Keepapitchinin, the Mormon History blog » Of Missionaries, Squirrels, and the Bloggernacle

Of Missionaries, Squirrels, and the Bloggernacle

By: Ardis E. Parshall - July 12, 2012

Thirty years ago I was a missionary in Toulouse, France. We (four sisters) lived in an apartment on top of the hill called Jolimont, a few hundred yards from a beautiful red brick obelisk erected in memory of “les braves morts pour la patrie” in the 1814 Battle of Toulouse, the last great battle of Napoleon’s army, immediately after which Napoleon surrendered and was exiled to Elba.

Our apartment was an hour’s bike ride from the rural chapel, past trees arching over curvy, hilly roads – a beautiful ride in the springtime, although it was inconvenient for members without cars, and I was secretly skeptical of the wisdom of purchasing a building there. It was a stone mansion set in magnificent grounds. Our chapel was the great room, with polished woodwork, lofty ceiling, stone floors, and massive fireplace; it could seat a couple of hundred congregants comfortably. Other rooms were large enough for priesthood and Relief Society gatherings, and the bedrooms, reached by a wonderful curving staircase, were suitable for auxiliary classes. The multi-car garage held a baptismal font. All in all, despite its inconvenient location, it was a building you would have been pleased to bring investigators to visit.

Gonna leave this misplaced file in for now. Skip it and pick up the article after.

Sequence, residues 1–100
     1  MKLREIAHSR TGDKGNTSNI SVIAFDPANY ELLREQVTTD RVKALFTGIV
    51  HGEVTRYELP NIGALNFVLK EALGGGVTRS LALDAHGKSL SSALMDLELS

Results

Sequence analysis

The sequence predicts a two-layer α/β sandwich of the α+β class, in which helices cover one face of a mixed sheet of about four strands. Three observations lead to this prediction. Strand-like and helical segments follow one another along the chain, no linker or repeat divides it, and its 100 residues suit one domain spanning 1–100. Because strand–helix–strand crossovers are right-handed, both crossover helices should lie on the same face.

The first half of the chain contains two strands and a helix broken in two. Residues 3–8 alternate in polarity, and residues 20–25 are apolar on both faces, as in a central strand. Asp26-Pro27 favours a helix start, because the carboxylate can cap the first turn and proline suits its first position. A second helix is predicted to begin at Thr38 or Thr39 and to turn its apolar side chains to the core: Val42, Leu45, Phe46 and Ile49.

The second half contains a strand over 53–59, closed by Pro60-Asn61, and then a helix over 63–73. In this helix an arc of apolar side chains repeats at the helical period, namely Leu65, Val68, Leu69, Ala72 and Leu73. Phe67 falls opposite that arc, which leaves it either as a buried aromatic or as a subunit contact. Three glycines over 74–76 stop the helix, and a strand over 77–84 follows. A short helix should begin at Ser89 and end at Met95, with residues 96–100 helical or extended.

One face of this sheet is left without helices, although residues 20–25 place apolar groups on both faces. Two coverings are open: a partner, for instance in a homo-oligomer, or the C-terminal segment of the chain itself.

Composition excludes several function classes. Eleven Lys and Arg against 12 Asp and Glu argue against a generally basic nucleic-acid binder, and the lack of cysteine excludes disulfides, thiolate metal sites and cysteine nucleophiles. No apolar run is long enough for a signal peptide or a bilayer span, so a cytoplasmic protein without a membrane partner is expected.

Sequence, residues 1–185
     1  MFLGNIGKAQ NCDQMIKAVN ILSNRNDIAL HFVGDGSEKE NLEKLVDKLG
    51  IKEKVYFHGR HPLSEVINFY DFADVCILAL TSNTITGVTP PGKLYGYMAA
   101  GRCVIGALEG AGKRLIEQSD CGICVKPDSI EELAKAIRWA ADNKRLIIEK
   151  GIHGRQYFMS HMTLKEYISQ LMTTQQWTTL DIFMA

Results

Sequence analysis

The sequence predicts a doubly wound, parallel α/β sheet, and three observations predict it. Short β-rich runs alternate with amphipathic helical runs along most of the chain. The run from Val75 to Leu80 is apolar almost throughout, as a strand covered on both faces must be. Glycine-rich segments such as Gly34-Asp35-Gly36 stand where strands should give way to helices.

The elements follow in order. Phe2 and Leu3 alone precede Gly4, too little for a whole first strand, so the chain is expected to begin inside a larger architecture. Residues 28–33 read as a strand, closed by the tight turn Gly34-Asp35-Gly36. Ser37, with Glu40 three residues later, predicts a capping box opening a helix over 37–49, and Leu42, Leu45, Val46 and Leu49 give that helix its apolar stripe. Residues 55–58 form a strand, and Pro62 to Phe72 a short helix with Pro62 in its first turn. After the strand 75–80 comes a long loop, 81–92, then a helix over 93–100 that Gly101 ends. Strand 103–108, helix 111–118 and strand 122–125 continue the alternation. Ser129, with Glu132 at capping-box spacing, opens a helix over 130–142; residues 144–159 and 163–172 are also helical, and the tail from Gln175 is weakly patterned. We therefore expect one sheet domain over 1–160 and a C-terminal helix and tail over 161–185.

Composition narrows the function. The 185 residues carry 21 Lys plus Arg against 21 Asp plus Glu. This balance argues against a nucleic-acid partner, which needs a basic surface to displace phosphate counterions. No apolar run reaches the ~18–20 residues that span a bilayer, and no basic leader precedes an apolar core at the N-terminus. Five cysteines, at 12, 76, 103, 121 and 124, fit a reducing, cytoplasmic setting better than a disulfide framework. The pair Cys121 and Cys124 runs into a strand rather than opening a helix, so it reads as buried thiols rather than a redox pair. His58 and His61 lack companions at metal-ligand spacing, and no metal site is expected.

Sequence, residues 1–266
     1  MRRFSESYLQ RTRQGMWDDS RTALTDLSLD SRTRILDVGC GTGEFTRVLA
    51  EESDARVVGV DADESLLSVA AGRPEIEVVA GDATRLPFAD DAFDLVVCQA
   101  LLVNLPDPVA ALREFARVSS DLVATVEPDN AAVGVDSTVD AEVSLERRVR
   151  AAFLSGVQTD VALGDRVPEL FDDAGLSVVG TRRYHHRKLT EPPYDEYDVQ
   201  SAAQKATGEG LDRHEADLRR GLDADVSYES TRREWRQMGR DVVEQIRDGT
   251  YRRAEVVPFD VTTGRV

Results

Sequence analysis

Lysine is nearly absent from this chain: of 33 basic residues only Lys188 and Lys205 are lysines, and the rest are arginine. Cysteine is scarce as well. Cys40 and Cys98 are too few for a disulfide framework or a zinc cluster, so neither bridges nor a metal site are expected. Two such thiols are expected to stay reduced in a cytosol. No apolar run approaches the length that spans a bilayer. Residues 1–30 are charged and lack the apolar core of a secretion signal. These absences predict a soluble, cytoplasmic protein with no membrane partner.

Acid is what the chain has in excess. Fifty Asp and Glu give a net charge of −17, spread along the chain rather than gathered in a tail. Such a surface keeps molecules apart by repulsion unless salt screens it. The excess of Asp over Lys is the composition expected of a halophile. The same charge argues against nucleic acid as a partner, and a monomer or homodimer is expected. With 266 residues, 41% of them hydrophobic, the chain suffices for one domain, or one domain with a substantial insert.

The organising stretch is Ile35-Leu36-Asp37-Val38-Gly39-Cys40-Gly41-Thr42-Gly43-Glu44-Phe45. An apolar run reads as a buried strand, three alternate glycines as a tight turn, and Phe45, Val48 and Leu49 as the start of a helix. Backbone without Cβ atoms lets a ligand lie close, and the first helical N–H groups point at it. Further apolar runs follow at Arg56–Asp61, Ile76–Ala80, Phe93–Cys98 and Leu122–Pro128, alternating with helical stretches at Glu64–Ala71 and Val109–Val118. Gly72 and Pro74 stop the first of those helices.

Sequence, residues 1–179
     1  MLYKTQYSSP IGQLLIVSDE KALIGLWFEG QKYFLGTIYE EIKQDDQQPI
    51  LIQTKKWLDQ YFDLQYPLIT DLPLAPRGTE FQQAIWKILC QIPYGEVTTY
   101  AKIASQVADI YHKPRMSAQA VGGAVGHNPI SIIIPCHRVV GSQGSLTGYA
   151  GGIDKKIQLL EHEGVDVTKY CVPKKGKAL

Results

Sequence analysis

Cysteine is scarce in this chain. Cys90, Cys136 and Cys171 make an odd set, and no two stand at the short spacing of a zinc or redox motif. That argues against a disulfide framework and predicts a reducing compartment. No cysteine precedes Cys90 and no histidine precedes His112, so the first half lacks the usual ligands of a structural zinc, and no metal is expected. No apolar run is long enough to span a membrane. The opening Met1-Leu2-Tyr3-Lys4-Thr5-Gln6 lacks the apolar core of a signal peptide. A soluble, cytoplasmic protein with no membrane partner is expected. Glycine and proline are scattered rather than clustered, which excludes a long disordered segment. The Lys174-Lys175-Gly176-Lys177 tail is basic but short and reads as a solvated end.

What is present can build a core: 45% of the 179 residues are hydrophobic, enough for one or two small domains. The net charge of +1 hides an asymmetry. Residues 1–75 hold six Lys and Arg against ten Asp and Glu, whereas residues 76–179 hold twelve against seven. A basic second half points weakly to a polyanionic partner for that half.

Except that we wouldn’t have dared bring investigators.

The ward at that time was very disunited. As far as I knew there hadn’t been any single major cause – no scandal, no feud between factions. Possibly it was a holdover from the unsettled and unhappy ending of the Toulouse Mission, which had closed less than a year earlier, its territory divided between the Paris and Geneva Missions. Whatever the cause, it was a rare Sunday that some sister didn’t leave Relief Society early, in tears. There were harsh words in other meetings, and it was difficult to get the ward to socialize. The atmosphere was uncomfortable and tense.